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Walter Mosley On The Stories Of LA Told Through Easy Rawlins


A quarter of a century ago, Walter Mosley introduced the character Easy Rawlins, an Army vet turned private eye, to tell the story of black postwar Los Angeles. Today, Easy Rawlins is a literary icon. Mosley is one of America's best-known writers. His newest book in the series is called "Charcoal Joe." Karen Grigsby Bates from our Code Switch team talked with Mosley about Easy's creation and journey.

KAREN GRIGSBY BATES, BYLINE: Ask Walter Mosley what he does, and he'll say simply, I'm a writer, and he's written a lot.

WALTER MOSLEY: I've published 52 books and maybe 30 short stories and another 30 or 40 articles.

BATES: Most writers specialize in one or two types of books, but Mosley refuses to be constrained. He's written mysteries, science fiction, erotica and young adult fiction, plays and opinion pieces and essays. He's even penned a slim book that instructs would-be fiction writers on how to get started. And it's not always about the money.

MOSLEY: I have all these things. I'm continually writing them and, you know, people say, well, I can't sell that stuff. Well, that's OK. We'll just publish it. Don't give me any advance and we'll see where it goes, you know, because the idea of writing - if you want to get rich, you go into real estate.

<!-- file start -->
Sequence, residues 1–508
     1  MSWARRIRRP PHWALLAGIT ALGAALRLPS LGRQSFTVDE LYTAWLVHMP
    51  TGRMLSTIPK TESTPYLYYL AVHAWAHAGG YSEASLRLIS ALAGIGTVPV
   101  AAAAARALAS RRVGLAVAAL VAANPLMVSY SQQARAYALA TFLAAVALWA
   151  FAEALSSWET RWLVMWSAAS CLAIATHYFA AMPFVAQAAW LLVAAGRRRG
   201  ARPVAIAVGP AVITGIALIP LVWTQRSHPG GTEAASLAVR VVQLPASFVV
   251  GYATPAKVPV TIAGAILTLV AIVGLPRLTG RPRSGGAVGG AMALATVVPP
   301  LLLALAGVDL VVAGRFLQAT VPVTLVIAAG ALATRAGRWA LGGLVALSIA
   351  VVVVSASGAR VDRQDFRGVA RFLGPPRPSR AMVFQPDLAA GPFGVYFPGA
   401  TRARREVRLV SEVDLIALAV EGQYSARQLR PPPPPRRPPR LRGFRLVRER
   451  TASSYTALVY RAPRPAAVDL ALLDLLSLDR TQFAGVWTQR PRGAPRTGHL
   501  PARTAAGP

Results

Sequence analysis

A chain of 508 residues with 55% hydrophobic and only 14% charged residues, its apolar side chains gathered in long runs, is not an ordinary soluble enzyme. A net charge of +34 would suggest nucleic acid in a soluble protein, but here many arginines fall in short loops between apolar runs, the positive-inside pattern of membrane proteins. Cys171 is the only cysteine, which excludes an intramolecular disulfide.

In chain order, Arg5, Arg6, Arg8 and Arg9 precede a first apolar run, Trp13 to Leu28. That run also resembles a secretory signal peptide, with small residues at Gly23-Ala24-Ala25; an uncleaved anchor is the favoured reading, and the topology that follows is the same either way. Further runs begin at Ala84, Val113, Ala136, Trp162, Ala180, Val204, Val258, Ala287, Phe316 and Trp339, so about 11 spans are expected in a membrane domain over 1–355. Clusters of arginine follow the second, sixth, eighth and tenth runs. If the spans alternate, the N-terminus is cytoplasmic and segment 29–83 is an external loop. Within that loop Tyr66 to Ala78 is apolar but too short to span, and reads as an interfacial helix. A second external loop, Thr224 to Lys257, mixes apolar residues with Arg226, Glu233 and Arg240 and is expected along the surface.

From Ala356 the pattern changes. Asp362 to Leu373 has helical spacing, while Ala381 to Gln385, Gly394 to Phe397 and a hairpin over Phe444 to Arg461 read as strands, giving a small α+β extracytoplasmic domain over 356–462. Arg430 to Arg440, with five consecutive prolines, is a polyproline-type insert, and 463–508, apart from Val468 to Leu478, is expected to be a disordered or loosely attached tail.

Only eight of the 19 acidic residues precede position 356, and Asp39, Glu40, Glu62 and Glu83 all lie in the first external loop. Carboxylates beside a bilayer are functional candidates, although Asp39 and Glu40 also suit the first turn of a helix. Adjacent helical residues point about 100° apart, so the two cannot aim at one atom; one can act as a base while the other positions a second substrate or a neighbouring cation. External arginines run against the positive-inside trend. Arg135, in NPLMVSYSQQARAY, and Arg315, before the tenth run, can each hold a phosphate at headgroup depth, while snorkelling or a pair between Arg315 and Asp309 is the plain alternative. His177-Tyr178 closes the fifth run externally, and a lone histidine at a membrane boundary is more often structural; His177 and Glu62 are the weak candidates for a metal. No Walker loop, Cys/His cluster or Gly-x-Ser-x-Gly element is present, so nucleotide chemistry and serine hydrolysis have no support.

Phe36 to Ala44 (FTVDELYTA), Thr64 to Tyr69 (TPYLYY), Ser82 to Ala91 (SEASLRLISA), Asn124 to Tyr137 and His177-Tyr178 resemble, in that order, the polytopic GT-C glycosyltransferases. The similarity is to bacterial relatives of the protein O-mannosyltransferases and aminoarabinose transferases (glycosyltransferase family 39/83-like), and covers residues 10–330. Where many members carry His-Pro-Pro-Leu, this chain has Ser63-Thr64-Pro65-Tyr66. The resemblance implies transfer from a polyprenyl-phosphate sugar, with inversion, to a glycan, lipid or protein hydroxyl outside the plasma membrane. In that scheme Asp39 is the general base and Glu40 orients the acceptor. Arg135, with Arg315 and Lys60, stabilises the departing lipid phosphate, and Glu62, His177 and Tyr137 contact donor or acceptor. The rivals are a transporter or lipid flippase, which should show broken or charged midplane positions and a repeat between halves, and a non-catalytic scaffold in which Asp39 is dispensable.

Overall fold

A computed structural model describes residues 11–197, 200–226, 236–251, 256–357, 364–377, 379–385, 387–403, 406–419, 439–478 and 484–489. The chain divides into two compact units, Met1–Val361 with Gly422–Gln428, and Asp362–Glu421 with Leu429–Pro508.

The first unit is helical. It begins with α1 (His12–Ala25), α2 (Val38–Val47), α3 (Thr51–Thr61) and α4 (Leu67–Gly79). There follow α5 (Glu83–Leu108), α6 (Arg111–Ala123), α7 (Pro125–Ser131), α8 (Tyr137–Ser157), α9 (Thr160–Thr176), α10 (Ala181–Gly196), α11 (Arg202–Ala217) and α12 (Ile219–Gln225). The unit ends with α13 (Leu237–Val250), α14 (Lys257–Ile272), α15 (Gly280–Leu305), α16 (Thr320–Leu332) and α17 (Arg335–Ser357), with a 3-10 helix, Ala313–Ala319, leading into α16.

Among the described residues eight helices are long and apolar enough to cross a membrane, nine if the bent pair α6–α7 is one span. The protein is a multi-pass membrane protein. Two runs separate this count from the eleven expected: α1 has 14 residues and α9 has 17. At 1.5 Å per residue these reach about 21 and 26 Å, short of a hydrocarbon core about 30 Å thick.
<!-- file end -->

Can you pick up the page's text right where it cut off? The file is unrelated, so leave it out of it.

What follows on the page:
BATES: But it's his Easy Rawlins series that made Walter Mosley famous.


T-BONE WALKER: (Singing) I've got a west side baby. She lives way...

BATES: The Rawlins series begins in 1948 when Los Angeles is adjusting to its new population of black migrants from the South who came to work in war-related industries. Those experiences are vividly portrayed in the novel "Devil In A Blue Dress" in 1990 and later in the 1995 movie version. In this scene, Easy, played by Denzel Washington, has just been let go from his job at one of the city's many airline factories. He's not happy about it, and he tries to get his boss to reconsider.


DENZEL WASHINGTON: (As Ezekiel Easy Rawlins) I need a house to live. I need to put clothes on my back, Mr. Giacomo. I need the job.

STEVE RANDAZZO: (As Benny Giacomo) I'm sorry, fella. I got to get back to work.

WASHINGTON: (As Ezekiel Easy Rawlins) My name's not fella.

RANDAZZO: (As Benny Giacomo) Huh?

WASHINGTON: (As Ezekiel Easy Rawlins) My name's not fella. My name is Ezekiel Rawlins.